Saturday, November 06, 2004

Third Party Time?

According to an opinion piece in today's Miami Herald, the only solution to America's political polarization is a third party that stresses the importance of traditional ethics and family values, as well as the same economic, social, and foreign issues as the Democratic party. "The two-party system is the source of the polarization. People are being forced to vote on a specific issue that may fall under only one party's platform rather than a majority of beliefs that represent their lifestyle."

I agree fully.

The problem is that the Democrats and Republicans are so entrenched that the creation of a viable, competetive third party on a national scale is very difficult. Ballot access standards tend to be difficult for third parties to meet. Third parties are generally excluded from televised debates, and most media news coverage focuses on only Democrat and Republican candidates. Many voters are reluctant to support a candidate who, they believe, does not have a chance of winning, and instead choose the "lesser evil."

Legal changes which could support the viability of a third party include instant runoff voting, free TV airtime for campaigns, and fair ballot access and debate access standards.

Without these changes, we can look at history as a predictor of third party success. Over the last 140 years, only seven "third party" presidential candidates have earned electoral votes: George Wallace (46), Harry Byrd (1), Walter Jones (1), Strom Thurmond (39), Robert LaFollette (13), Theodore Roosevelt (88), and James Weaver (22). Only four third party candidates have recieved over 10% of the popular vote: Ross Perot (18.9%), George Wallace (12.9%), Robert LaFollette (16.5%), and Theodore Roosevelt (27.4%). The longest time any third parties maintained success were the Progressive Party (36 years: 1912 - 1948), the Socialist Party (28 years: 1904 - 1932), and the Prohibition Party (24 years: 1892 - 1916).

Without some major change to level the political playing field for third parties, we can reasonably expect another century of the same.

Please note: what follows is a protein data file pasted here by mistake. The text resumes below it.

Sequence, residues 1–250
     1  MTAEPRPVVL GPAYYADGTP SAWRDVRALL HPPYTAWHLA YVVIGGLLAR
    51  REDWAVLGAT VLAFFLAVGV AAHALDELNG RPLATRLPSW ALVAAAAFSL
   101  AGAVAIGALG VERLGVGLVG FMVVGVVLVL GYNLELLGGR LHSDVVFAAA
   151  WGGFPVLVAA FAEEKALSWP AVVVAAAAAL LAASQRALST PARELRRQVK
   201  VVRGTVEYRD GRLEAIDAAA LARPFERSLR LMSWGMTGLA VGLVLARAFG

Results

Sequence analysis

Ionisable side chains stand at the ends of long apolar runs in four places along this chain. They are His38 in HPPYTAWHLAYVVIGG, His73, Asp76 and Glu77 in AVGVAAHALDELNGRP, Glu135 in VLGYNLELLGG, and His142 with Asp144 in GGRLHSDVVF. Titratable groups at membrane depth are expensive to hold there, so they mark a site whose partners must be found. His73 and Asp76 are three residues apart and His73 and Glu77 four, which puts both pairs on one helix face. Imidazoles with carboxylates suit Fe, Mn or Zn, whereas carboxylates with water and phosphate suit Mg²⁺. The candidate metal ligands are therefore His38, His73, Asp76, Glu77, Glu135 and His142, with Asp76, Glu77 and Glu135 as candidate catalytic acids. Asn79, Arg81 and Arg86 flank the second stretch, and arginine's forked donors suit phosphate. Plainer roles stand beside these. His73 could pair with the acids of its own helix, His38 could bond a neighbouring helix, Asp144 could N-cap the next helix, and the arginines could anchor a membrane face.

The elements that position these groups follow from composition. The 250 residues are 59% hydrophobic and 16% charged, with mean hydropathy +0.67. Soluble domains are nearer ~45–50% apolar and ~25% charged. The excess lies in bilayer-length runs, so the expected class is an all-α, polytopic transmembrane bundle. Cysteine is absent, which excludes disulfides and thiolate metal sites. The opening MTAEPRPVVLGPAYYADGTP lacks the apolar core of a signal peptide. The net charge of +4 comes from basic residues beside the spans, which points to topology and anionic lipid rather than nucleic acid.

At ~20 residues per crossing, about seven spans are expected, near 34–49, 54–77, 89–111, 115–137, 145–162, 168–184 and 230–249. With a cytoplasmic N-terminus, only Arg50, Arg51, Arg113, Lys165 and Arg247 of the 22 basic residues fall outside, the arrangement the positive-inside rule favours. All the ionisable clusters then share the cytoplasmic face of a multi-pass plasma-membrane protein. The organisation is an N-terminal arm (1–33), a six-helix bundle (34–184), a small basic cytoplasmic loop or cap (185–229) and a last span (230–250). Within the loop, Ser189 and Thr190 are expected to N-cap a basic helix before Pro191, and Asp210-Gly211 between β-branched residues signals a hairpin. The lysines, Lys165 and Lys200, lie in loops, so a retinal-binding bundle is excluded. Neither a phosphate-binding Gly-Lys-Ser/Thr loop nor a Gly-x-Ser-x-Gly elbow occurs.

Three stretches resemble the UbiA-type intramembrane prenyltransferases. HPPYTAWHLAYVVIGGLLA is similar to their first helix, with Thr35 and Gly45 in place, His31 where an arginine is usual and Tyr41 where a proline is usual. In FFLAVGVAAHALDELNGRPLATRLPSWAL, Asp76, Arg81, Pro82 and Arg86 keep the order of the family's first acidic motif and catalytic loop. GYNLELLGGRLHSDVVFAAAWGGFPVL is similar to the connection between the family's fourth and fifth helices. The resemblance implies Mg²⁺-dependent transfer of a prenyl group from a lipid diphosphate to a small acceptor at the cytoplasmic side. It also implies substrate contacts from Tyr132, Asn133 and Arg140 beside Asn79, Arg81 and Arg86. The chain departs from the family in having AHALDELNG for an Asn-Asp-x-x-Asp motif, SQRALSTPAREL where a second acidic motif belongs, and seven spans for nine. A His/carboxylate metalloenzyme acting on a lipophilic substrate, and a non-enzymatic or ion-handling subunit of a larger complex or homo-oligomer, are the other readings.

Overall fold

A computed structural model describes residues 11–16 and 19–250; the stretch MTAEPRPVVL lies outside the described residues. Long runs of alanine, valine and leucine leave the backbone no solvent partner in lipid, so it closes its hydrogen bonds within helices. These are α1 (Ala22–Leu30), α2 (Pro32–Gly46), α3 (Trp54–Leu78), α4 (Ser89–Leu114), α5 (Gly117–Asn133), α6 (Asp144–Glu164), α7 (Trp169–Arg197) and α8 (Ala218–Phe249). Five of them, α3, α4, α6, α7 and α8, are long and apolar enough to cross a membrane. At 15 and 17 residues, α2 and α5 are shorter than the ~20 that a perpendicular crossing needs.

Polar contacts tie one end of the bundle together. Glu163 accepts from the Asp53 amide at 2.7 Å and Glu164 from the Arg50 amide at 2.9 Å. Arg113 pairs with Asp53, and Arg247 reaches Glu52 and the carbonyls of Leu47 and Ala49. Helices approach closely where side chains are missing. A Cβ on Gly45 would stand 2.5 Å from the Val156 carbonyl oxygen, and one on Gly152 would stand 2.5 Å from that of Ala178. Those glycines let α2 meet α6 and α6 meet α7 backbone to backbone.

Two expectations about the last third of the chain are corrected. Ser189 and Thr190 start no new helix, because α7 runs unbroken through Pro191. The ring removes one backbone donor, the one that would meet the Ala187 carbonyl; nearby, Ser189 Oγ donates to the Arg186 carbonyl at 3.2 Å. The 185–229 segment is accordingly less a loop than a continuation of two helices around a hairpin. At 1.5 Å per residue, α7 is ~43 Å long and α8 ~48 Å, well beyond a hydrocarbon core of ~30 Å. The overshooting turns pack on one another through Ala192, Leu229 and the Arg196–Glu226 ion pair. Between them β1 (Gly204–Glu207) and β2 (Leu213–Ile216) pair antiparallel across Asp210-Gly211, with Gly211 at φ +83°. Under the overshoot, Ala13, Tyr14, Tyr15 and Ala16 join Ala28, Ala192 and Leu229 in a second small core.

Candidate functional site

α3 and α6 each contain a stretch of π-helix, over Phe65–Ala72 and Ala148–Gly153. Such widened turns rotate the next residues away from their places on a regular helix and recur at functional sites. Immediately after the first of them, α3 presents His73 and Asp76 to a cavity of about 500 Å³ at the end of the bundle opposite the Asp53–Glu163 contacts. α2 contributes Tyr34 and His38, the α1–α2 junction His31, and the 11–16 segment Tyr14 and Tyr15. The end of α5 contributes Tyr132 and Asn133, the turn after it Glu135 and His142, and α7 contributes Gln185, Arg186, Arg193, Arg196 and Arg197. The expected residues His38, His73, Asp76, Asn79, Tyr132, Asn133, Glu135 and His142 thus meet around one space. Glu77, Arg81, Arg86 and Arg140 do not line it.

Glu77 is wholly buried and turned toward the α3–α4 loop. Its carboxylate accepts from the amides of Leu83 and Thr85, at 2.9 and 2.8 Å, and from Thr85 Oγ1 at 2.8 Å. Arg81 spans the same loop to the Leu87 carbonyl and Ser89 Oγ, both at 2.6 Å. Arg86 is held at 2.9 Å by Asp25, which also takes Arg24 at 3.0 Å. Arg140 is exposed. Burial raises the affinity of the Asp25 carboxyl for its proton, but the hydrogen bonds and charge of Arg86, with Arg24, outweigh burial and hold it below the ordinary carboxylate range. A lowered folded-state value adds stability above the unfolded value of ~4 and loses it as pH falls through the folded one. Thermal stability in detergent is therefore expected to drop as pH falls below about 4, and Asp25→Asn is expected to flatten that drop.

Third Party Time?


Exhibit:
Recent Third Party and Independent Presidential Candidates Recieving At Least 1% of the Popular Vote or 1 Electoral Vote

2000 - Ralph Nader, 2.74%, Green
1996 - Ross Perot, 8.4%, Reform
1992 - Ross Perot, 18.9%, Independent
1980 - John Anderson, 6.6%, Indepedent
1972 - John Schmitz, 1.2%, American
1968 - George Wallace, 12.9%, 46 EV, American Independent
1960 - Harry Byrd, .73%, 15 EV, Independent
1956 - Walter Jones, .6%, 1 EV, Independent
1948 - Strom Thurmond, 2.4%, 39 EV, Dixiecrat
1948 - Henry Wallace, 2.4%, Progressive
1936 - William Lemke, 2%, Union
1932 - Norman Thomas, 2.2%, Socialist
1924 - Robert LaFollette, 16.5%, 13 EV, Progressive
1920 - Eugene Debs, 3.4%, Socialist
1920 - Parley Christenson, 1%, Farmer-Labor
1916 - Allan Benson, 3.2%, Socialist
1916 - James Hanley, 1.2%, Prohibition
1912 - Theodore Roosevelt, 27.4%, 88 EV, Progressive
1912 - Eugene Debs, 6%, Socialist
1912 - Eugene Chafin, 1.4%, Prohibition
1908 - Eugene Debs, 2.8%, Socialist
1908 - Eugene Chafin, 1.7%, Prohibition
1904 - Eugene Debs, 3%, Socialist
1904 - Silas Swallow, 1.9%, Prohibition
1900 - John Wooley, 1.5%, Prohibition
1892 - James Weaver 8.5%, 22 EV, Populist
1892 - John Bidwell, 2.2%, Prohibition

1 comment:

job opportunitya said...

Captivating blog. I love surfing the web for the
type of blogs that you do. It had me on the edge of my
seat and I kept going back to again and again!
I hope you had a chance to check out my audio conference call provider blog.